From the flights of the Wright brothers through the mass journeys of the jet age, airplanes inspired Americans to reimagine their nation’s place within the world. Now, Jenifer Van Vleck reveals the central role commercial aviation played in the United States’ rise to global preeminence in the twentieth century. As U.S. military and economic influence grew, the federal government partnered with the aviation industry to carry and deliver American power across the globe and to sell the very idea of the “American Century” to the public at home and abroad.
Invented on American soil and widely viewed as a symbol of national greatness, the airplane promised to extend the frontiers of the United States “to infinity,” as Pan American World Airways president Juan Trippe said. As it accelerated the global circulation of U.S. capital, consumer goods, technologies, weapons, popular culture, and expertise, few places remained distant from the influence of Wall Street and Washington. Aviation promised to secure a new type of empire—an empire of the air instead of the land, which emphasized access to markets rather than the conquest of territory and made the entire world America’s sphere of influence.
By the late 1960s, however, foreign airlines and governments were challenging America’s control of global airways, and the domestic aviation industry hit turbulent times. Just as the history of commercial aviation helps to explain the ascendance of American power, its subsequent challenges reflect the limits and contradictions of the American Century.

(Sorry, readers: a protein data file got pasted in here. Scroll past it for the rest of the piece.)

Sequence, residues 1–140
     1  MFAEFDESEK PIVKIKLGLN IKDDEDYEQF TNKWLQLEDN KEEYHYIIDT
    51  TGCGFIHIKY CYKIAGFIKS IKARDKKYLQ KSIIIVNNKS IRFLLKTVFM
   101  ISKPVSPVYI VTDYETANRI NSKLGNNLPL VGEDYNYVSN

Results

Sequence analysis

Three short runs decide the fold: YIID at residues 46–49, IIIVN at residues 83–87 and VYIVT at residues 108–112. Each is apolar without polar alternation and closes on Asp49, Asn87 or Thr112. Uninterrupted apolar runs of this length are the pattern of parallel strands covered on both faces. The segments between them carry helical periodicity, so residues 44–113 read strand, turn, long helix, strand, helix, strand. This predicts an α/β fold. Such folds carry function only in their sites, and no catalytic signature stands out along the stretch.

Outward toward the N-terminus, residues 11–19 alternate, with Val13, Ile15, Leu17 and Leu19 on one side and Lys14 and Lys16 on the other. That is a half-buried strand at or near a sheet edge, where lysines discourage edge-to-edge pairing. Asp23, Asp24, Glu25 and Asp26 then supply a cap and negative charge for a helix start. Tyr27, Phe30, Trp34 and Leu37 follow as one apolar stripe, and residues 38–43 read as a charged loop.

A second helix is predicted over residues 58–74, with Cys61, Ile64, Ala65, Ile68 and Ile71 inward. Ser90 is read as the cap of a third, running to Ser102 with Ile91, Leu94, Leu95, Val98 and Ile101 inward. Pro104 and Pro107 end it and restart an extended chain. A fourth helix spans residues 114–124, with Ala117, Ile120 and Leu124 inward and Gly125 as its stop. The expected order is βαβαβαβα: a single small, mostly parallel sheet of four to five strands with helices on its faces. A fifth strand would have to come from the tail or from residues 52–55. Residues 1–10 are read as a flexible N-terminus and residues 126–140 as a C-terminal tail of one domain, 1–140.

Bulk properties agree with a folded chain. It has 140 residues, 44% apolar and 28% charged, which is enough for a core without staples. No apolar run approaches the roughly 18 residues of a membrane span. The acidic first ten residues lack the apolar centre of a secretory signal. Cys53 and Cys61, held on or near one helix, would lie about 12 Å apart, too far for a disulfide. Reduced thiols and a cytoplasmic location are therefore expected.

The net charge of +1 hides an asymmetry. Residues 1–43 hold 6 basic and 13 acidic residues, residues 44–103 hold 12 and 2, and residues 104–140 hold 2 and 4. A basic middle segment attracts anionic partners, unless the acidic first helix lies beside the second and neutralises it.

[A] superb account of the role of civil aviation in the forging of the ‘American Century’… As much a meditation on the nature of power as a narrow story of aviation, the book anatomizes a potent brand of American ideology.
This is required reading on U.S. aviation.
Deeply researched and artfully written, Empire of the Air sweeps through the twentieth-century history of U.S. aviation, showing how America’s growing dominance over the technologies of flight defied territoriality and joined national ambition and global betterment, state power and commercial profit, consumerist travel and popular enlightenment. Van Vleck’s analysis of the rise of America’s airborne ‘empire’ should appeal to a broad audience of readers.
Van Vleck makes a convincing argument that the history of air travel should be understood as a synecdoche for U.S. economic, ideological, and cultural expansion and then decline over the course of the American Century. This engrossing study is a model of foreign relations history viewed from a transnational and global perspective.
Coupling penetrating research with a writer’s flair, Van Vleck’s Empire of the Air stands out among the long list of books on America’s love affair with aviation. It is a history of planes and of flying, but also a history of why flight mattered to American policymakers eager to put their mark on the modern world.
Centered on the remarkable career of Juan Trippe, visionary and entrepreneur, Van Vleck’s engaging account of the rise and rapid demise of Pan Am Airlines illuminates corporate influence on American foreign policy, the emergence of civilian aviation and its military ramifications, and the underlying dynamics of globalization in the latter half of the twentieth century.
- 400 pages
- 6-1/8 x 9-1/4 inches
- Harvard University Press
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